Yesterday, I ran into a high-school buddy — someone I hadn’t seen in over 30 years. He stopped me at our neighborhood’s dance party, to which the whole city is invited. Out of 10,000 people, he picked me out of the crowd. I guess I haven’t changed a great deal since high school!
Catching up, he shared with me the story of his post-divorce relationship. While dating a woman for 3 years, he insists he always told her he wasn’t interested in marriage. However, near their third-year anniversary, she dragged him to her therapist and unbeknownst to him, demanded he tell her and the therapist why he wouldn’t marry her.
His response was he never intended to marry her and he’d told her that all along. If this is true, apparently she expected she would be able to change his mind, then became disappointed and angry when he didn’t. Her therapist told her she was delusional and they broke up within the month.
I, too, have been caught in the trap of thinking I could get a man to change his mind. When I first met my ex, he stated that he wasn’t looking for a relationship. He was raising his son alone, had a full-time job, and freelanced on the side. He didn’t have time for a relationship. I guess he just wanted occasional booty calls. But I, never having been married, wanted a relationship. In fact, I wanted a husband. I acted like this “no relationship” deal was fine, all the while whittling down his resistance until we were engaged eight months later and married eighteen months after that.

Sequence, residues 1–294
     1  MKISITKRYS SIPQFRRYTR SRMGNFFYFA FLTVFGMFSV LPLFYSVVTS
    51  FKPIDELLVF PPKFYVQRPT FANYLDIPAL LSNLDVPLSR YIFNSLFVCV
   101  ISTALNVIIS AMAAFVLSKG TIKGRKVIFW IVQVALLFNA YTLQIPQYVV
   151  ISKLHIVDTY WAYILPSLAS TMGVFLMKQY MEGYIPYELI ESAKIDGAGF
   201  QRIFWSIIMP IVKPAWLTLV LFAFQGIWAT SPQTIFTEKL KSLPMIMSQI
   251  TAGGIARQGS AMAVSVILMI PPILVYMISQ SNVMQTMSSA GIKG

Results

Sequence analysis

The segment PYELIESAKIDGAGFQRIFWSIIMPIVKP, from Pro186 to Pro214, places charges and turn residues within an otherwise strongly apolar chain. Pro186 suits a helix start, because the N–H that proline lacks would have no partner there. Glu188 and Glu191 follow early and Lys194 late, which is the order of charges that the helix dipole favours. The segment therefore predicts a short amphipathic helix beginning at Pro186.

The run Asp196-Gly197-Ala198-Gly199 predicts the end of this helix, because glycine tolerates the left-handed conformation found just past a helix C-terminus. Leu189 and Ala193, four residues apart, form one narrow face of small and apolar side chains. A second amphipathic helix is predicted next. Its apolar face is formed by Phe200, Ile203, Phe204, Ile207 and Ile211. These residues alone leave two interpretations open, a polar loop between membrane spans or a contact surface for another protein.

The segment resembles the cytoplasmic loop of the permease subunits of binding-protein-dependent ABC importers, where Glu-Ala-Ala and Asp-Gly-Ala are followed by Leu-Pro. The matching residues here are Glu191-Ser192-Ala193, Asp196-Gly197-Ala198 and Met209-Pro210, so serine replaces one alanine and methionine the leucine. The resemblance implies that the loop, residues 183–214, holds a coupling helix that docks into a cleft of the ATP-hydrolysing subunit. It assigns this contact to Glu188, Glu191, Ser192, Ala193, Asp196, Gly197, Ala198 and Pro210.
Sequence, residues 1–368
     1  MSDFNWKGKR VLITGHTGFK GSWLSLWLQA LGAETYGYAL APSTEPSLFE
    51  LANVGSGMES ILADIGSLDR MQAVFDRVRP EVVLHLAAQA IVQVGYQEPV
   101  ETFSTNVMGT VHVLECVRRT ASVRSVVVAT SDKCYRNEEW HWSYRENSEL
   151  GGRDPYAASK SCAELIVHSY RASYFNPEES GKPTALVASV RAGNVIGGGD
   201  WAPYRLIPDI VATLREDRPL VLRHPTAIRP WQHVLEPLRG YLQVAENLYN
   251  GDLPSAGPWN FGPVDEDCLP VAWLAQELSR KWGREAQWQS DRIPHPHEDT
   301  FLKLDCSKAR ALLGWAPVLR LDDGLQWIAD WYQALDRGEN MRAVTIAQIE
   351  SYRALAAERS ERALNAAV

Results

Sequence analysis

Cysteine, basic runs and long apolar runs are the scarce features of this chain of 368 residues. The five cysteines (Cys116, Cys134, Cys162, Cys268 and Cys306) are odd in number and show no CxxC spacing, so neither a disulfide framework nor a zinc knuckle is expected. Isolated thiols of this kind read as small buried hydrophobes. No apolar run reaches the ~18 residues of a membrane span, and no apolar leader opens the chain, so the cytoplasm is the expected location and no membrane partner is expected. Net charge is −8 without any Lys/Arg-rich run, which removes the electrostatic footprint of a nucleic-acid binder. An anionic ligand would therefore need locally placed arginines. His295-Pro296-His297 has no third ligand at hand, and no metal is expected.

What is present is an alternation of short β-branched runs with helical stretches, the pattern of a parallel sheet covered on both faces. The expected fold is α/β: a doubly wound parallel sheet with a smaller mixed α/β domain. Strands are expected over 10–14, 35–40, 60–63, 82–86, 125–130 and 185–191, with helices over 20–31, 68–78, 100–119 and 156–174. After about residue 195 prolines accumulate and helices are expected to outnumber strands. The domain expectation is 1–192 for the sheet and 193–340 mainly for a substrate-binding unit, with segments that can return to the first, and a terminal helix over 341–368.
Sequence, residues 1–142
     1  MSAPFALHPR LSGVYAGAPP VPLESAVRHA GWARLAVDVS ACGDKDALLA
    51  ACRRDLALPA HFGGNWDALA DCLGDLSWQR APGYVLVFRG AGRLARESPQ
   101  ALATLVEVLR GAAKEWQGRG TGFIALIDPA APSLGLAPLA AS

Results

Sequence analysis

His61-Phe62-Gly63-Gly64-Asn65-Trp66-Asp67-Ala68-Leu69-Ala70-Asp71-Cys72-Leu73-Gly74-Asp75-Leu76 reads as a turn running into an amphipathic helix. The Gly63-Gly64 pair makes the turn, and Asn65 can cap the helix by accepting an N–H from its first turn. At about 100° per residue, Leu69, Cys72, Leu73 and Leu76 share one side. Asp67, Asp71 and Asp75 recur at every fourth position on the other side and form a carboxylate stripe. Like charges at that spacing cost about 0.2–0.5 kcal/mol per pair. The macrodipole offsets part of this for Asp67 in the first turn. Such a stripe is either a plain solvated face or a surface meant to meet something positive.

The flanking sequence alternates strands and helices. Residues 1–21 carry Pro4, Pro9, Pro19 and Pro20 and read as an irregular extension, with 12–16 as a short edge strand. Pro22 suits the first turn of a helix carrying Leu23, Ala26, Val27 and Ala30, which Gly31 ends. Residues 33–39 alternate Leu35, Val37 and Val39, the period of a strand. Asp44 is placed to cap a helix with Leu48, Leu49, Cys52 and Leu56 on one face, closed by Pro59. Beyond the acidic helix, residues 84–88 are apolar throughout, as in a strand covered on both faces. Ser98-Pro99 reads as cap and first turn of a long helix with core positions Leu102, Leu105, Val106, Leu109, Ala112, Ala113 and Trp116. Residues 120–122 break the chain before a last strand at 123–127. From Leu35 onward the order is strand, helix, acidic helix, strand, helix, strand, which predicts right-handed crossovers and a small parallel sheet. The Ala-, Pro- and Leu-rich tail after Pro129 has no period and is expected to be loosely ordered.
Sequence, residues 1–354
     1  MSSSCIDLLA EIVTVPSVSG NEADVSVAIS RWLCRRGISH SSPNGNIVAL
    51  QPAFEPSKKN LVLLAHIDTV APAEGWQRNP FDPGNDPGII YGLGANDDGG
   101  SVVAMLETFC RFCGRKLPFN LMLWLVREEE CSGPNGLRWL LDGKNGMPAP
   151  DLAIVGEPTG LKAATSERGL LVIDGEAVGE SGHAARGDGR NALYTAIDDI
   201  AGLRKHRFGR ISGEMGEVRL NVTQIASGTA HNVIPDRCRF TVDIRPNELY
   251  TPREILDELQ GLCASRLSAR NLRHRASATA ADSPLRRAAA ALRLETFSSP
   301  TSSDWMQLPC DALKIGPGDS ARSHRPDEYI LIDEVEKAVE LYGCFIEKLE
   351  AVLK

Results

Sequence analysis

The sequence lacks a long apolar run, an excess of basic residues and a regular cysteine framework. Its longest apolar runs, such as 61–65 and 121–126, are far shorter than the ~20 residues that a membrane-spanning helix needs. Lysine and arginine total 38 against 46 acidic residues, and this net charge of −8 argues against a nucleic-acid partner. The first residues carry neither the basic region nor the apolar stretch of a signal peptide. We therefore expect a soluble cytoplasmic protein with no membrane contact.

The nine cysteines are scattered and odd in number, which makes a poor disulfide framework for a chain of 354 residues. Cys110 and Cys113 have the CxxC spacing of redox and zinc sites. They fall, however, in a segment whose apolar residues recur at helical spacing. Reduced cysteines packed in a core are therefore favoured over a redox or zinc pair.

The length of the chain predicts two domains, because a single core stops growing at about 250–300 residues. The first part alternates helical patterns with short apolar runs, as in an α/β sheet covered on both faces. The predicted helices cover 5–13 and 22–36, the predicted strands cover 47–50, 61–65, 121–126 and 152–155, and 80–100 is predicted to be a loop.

I had another goal in mind, one which he also stated he didn’t share. I wanted children. Since he already had a child, and is 14 years older than me, he said he wasn’t interested in more. However, I saw how much he loved and doted on his son, and I was sure he would want me to have the same experience. He loved kids, so I thought I could convince him otherwise, as I’d done with changing his mind about wanting a relationship.
I was wrong.
In retrospect, I should have believed him about not wanting a relationship, too. While he worked on making our marriage hum, I never felt he was as committed as I was. No fault to him, really. I should have believed him and looked for a man who was interested in building a family together.
I’ve been on the receiving end of someone wanting me to change my mind. When Mr. Romantic asked if I wanted to move to his city — 600 miles away — I said no. I’d told him all along I had no pull to his city. When the meltdown occurred, he threw this in my face, saying that it showed how selfish I was. Had I been more committed to the relationship, which I wasn’t after only 2.5 months, I would have at least seriously considered a move. But I was not willing to pretend I’d move to his city while we were just in dating mode. If it progressed to a committed relationship, we would have explored where we both wanted to live and found a mutually-agreeable location. His expecting me to change my mind was ignoring my clearly stated perspective.
If a man states something clearly to you — like he doesn’t want to be in a relationship or get married again — believe him. Yes, he may change his mind, but don’t proceed expecting that to happen. You’ll be disappointed and angry, and may feel you wasted your time with him. But if he told you early on his point of view and you ignored it, don’t blame him.
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